For the last several years, for both Democratic and Republican administrations, the U.S. government has been spending more than it

collects in taxes. Our Matt Egan breaks down the financial terms for us and makes sense, if you will, of the country`s current financial predicament.


MATT EGAN, CNN BUSINESS REPORTER: People sometimes get confused when we talk about the debt and the deficit. Can you explain the difference between

the two and the relationship?

MARK ZANDI, MOODY`S ANALYTICS, CHIEF ECONOMIST: The deficit is the difference between what the government is taking in in revenue and what

it`s spending. You just take the total revenue, subtract the total expenditure, that`s the deficit. If you go back to the year 2000, it was

actually a surplus.

EGAN: Did you say surplus? There was a surplus?

ZANDI: Can you believe it?

EGAN: Can we get another surplus anytime soon?

ZANDI: No, we`re not even close. I laugh, I should be crying. I mean, no, our deficit is large. It`s $1.6, $1.7 trillion. That`s a long way from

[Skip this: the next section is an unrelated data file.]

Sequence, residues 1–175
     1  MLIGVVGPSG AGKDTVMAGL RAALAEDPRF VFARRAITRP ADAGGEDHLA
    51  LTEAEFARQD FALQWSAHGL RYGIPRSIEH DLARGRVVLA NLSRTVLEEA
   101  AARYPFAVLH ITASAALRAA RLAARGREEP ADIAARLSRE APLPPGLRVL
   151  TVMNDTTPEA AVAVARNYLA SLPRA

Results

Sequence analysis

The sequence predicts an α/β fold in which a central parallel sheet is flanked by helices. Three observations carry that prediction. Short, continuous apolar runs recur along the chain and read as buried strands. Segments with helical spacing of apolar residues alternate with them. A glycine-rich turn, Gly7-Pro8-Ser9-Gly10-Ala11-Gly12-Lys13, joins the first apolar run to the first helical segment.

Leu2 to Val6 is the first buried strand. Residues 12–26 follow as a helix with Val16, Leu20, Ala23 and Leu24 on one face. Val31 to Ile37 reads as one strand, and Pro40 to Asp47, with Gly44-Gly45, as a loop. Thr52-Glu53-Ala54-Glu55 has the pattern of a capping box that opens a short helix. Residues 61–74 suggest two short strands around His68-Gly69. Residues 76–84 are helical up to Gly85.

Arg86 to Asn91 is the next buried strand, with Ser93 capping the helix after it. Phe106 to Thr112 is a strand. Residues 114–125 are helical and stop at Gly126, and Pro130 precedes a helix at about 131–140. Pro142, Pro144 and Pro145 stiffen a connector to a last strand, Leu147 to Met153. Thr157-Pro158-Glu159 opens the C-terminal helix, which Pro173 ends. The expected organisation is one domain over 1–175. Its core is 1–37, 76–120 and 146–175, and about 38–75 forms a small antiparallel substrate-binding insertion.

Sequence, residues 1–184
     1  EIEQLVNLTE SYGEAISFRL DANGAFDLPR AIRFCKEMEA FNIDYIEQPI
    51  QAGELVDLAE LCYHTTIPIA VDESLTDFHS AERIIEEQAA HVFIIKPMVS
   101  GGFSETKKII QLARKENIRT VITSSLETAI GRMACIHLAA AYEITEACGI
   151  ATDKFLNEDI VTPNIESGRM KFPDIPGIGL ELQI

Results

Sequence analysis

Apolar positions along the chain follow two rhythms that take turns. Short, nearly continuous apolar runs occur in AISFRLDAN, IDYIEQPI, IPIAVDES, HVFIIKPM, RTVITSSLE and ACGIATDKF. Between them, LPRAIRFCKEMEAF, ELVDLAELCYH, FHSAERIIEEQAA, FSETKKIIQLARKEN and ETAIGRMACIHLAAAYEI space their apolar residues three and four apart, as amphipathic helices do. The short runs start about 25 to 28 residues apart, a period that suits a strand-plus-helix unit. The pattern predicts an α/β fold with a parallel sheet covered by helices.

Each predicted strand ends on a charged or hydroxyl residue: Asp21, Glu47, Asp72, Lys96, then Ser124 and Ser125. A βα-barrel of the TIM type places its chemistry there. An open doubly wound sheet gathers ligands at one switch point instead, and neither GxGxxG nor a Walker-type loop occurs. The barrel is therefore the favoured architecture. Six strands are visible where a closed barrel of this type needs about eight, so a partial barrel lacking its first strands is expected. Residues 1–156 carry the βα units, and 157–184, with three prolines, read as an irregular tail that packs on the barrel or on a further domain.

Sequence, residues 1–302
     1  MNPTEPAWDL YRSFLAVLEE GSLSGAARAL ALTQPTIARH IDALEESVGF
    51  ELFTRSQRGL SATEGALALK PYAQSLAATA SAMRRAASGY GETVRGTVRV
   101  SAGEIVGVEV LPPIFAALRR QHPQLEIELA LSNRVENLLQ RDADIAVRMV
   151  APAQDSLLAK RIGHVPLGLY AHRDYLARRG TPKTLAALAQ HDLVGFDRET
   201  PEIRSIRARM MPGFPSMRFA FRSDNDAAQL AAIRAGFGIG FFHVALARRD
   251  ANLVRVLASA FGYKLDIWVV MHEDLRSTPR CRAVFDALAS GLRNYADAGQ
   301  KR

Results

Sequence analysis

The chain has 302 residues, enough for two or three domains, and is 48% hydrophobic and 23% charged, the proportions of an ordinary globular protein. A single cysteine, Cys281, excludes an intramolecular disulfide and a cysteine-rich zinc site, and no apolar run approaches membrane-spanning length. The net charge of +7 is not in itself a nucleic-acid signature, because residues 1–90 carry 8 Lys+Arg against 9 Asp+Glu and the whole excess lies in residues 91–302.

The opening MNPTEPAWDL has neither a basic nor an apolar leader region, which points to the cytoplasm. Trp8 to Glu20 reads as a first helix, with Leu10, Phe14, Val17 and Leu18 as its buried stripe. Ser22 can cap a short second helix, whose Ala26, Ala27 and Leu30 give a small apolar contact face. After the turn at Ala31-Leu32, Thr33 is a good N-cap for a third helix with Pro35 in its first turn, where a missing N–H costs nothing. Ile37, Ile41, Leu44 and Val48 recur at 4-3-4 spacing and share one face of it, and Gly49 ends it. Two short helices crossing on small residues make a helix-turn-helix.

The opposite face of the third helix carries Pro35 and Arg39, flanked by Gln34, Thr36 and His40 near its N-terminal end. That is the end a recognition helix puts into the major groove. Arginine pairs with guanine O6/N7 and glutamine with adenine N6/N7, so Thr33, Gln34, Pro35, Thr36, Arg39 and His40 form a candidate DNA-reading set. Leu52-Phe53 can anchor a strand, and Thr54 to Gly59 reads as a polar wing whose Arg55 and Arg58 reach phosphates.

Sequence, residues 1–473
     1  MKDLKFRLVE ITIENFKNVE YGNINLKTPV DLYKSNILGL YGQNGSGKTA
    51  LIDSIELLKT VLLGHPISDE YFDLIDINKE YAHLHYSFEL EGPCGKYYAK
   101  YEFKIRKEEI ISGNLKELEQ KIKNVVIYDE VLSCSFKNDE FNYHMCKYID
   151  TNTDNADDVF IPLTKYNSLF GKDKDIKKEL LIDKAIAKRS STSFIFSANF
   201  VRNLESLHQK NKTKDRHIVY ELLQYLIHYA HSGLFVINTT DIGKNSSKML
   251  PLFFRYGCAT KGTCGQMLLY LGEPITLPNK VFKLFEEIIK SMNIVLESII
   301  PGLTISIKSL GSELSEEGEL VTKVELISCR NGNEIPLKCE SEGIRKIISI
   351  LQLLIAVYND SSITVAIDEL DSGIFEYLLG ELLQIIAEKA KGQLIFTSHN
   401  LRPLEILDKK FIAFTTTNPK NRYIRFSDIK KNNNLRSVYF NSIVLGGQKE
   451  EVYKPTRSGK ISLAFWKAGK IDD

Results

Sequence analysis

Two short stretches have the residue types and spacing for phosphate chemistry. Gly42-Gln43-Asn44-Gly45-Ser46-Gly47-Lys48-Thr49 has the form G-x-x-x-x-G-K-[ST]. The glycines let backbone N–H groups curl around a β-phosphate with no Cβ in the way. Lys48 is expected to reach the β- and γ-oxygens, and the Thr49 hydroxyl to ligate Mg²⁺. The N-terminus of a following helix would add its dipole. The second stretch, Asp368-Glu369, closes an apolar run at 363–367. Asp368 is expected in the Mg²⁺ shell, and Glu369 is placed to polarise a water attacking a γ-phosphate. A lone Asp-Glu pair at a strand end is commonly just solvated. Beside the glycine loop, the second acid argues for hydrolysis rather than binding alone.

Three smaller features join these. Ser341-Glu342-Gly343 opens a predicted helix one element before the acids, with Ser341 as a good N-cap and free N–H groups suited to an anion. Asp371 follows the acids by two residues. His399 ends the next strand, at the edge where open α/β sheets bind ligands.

zero. And all the trend lines look pretty difficult here.

EGAN (voice-over): And the national debt has reached a record of over $34 trillion. For some perspective, if you took $34 trillion one-dollar bills

and stacked them on top of each other, they`d reach the moon and back almost five times.

(On camera): This can all sound so complicated and massive, right? A trillion dollars here, a trillion dollars there. Can you talk about what

ways all of this will impact the average American, right? The college kid that just graduated, or a new home buyer, or a single mom.

ZANDI: It`s not one of those cliff events. It`s more of a corrosive on the economy. Yeah, it results in steadily higher interest rates. It does mean

that we`re going to be paying more for getting a mortgage loan if we want to buy a home, which is already very unaffordable, you know, given the high

rates and the high house prices. It`s going to affect rates on getting a loan to purchase a vehicle. Credit card loans.

Any borrowing we need to do, it`s just going to be more costly to do it. The interest payments on the debt is starting to add up and starting to